The People’s Bank of China increased key one-year lending and deposit rates by 25 basis points on Christmas Day in its second move since mid-October. The change took effect yesterday.
Normally, raising interest rates is bad for stocks. It increases companies' borrowing costs and tempts them to pay higher dividends to keep their earnings yields competitive with new bond issues. China's stock market is reacting much more positively to this news than theory would allow:
China’s stocks rose and yuan forwards climbed to the highest level in five weeks after the central bank increased interest rates for a second time since October, bolstering speculation inflation will be contained.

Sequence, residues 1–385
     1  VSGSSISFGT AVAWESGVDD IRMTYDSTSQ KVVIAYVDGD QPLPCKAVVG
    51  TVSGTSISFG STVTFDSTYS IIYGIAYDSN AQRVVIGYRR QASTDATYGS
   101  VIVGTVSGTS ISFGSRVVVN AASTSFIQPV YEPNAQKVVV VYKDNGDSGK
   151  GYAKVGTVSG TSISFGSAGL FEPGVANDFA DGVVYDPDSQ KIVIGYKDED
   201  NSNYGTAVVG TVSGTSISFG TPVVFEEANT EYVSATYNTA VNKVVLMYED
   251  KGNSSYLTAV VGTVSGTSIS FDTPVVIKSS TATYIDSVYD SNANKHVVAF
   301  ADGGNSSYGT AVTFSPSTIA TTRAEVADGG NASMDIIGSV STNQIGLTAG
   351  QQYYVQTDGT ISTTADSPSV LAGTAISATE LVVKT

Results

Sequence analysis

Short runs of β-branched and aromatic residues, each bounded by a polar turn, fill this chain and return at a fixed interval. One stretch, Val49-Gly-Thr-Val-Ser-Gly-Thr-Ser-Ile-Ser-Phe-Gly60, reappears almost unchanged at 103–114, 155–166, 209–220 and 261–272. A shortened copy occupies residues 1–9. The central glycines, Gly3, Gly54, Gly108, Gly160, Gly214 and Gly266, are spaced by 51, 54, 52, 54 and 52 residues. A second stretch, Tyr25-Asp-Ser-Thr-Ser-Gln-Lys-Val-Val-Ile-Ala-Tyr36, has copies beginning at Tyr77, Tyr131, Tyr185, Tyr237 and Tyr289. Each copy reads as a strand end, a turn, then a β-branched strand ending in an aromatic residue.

Chinese stocks like the news because it signals that the government is committed to smart growth policies. It also means the yuan will be more valuable, signaling to the currency markets that China will indeed let the yuan appreciate on its own terms.
Will the U.S. follow suit with interest rate increases? It's doubtful. The U.S. needs a weaker dollar to keep its exports attractively priced. That plus credit availability are supposed to keep GDP growth from stalling here. The U.S. is unable to accept a sharp downturn as the bitter medicine for asset bubbles. It may be forced upon us anyway.
Full disclosure: Long FXI with covered calls and cash-covered short puts.